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The purpose of this caring paper is to reflect on a personal experience within our time at our clinical rotation in which a patient experienced two of Watson’s lower order of needs. Doris Grinspun (2010), a professor from York University defines caring as “thinking, doing, and being representing the ways in which nurses enact caring work and manages relationships and present key courses of action in which nurses enact their work focusing on rules of engagement and inequalities”. From this, we can establish that caring involves every interaction a nurse has with a patient, from the first introduction, throughout the healing process and the termination phase between the nurse and client. Caring science embraces all ways of knowing/being/doing: ethical, intuitive, personal, empirical, aesthetic, and even spiritual/metaphysical ways of knowing and Being (Watson, 2008). This paper will focus on a description of my patient and their diagnosis, caritas processes, two of Watson’s lower order of needs which will include activity/inactivity and sexual intimacy, and possible nursing interventions that can be put into place to help improve the quality of care for the hospitalized patient.
The personal encounter with a patient with two of Watson’s lower order of needs was diagnosed with dementia, or failure to cope. Dementia is the development of multiple cognitive deficits, manifested by memory impairment and other deficits affecting language, inability to carry out motor functions, failure to recognize or identify objects and a disturbance in functioning (Jarvis, 2009). It was evident when dealing with this patient that she had a cognitive impairment. I introduced myself to her on the first day, and when I returned to her bed side the following morning to get her up and take her vital signs, she had no recollection of who I was from the previous day. I had to continuously remind her who I was throughout the course of the two days I was in clinical. She referred to the nursing students as the kids in blue. Her diagnosis mainly affected her ability to remember people, place, and sometimes memories, but when it came to retaining facts, she was very capable; an example was the recreational therapy that she attended in which she was always able to answer the trivia questions or the answer to the crossword.
Over the course of the two days in which she was my assigned patient that I was to care for, I got know her well. She trusted me from the beginning because she knew I was just doing my job. She quickly began to open up to me and told me about her family. She came from a large family of six kids, of that she had four brothers all of whom always looked out for her and her sister. She was born and raised, and lived in Oshawa her entire life. While growing up, her family lived on a farm. Herself and her siblings assisted in the chores around the bard, including milking the cows and gathering the chicken eggs. My patient married her husband in her twenties and had four kids; three sons and one daughter. She informed me many times that she loved her family and enjoys when any member of her family is able to come and visit her.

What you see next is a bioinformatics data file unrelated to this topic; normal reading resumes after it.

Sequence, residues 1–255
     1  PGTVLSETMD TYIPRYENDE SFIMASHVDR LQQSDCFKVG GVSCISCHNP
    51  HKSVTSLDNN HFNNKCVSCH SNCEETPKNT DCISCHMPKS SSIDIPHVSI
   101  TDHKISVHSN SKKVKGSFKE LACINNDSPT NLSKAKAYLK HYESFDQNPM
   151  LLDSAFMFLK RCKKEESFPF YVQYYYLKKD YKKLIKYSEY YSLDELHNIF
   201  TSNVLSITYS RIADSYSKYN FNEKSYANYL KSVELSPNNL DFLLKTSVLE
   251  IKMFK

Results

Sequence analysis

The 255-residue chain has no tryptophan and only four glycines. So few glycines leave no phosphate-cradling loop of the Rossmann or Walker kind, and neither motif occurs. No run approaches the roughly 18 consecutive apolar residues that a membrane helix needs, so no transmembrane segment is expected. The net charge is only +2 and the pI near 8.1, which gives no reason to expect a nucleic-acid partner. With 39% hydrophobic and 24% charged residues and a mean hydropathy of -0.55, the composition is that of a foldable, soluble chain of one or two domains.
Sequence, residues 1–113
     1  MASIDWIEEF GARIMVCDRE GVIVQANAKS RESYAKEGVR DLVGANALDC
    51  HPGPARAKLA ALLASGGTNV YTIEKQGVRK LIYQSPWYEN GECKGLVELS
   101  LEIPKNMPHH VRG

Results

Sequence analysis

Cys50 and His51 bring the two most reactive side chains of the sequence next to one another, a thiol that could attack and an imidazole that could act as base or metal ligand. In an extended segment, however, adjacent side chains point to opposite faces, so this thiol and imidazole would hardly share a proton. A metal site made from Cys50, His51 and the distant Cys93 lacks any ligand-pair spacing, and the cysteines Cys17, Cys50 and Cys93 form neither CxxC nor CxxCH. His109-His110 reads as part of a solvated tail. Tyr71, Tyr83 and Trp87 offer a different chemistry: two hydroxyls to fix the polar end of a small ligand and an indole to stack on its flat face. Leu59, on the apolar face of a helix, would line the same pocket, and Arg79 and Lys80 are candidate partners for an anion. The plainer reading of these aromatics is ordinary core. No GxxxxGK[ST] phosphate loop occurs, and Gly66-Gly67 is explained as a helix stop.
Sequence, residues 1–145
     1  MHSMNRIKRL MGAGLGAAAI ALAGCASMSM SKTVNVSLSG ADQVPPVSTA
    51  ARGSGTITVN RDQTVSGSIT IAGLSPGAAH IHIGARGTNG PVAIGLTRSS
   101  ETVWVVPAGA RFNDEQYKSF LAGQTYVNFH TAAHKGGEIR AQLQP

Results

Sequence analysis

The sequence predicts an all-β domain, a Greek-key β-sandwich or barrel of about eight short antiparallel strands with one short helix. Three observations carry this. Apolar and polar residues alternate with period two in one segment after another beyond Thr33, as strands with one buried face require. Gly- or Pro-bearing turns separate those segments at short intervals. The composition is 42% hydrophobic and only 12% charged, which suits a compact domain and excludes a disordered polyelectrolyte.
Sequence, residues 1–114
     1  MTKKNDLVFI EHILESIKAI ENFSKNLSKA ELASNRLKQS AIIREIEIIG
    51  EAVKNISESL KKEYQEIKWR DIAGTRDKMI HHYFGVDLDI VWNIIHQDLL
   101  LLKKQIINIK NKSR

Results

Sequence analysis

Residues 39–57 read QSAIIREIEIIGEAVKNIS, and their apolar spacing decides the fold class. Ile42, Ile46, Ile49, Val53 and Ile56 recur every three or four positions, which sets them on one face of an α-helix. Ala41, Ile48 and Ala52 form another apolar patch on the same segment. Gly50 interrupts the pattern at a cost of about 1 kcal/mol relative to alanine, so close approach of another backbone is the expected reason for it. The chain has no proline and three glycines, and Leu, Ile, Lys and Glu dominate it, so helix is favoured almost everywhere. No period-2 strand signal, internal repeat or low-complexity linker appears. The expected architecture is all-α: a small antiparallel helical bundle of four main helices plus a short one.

One of Watson’s lower orders of needs is activity/inactivity. One of the health challenges my patients experiences was the fact that she was non-ambulatory. She was only allowed to be in her bed or in her wheelchair because she had a high risk of falling. Due to her lack of ability to move around, her muscles would slowly start to experience atrophy. Deconditioning is a process or physiological change following a period of inactivity or bed rest that results in a decrease in muscle mass, weakness, functional decline and the ability to perform daily living activities (Gillis & MacDonald, 2008). It is observed in an increasing frequency as a consequence of hospitalization for many older adults. While in the hospital receiving care, many elderly patients, due to age, begin to grow frail and are at a greater risk of falls. To counteract this problem, many patients are assigned bed-rest, or stay in their wheel-chair all the time. This limits the patient’s ability to get up and walk around. A recent study concluded that older hospitalized patients 70 years and up showed a decline in activities of daily living associated with deconditioning on discharge (Brown et al., 2004). To prevent deconditioning, a nursing intervention must be to look for risk factors and intervene proactively. This is assuming that nurses have the prerequisite knowledge, skills and attitudes to recognize and respond to the specialized needs of hospitalized older patients.
I found that my patient had a hard time accepting the fact that she was unable to get out of her wheelchair and walk around. At one point she was so determined she unbuckled herself and attempted to get out and walk. Having to go in there and tell her otherwise was a challenge because seeing the disappointment in her eyes upset me. Physical inactivity is a risk factor for many conditions experienced by the elderly. Exercise helps older people feel better and enjoy life more, even if they think they are too old or too out of shape (Ebersole et al., 2008). Gerontological continuing education programs should contain a core component on the prevention of deconditioning (Gillis & MacDonald, 2008). It should focus on diagnosis and assessment of risk for deconditioning, prevention, interventions, and strategies for the patient and family teaching. I believe that due to her inactivity, or lack of mobility, her routine was rather repetitive; get up, vitals, bed bath, get dressed, get into wheelchair and sit there until she wanted to go back to bed. A person’s need for activity/inactivity is fundamental and central to one’s life, as it affects the ability to move about and interact with his or her environment and to control one’s external surroundings (Watson, 2008). To maintain competency in the field, the nurse must use his or her knowledge, skill, judgment, attitudes, values and beliefs to perform in a given role, situation and practice setting (CNO, 2002). It is important to establish best practices in gerontology and implement them in a consistent manner to improve the knowledge of nurses. This will enhance the confidence level and provide to the elderly the quality care that they deserve.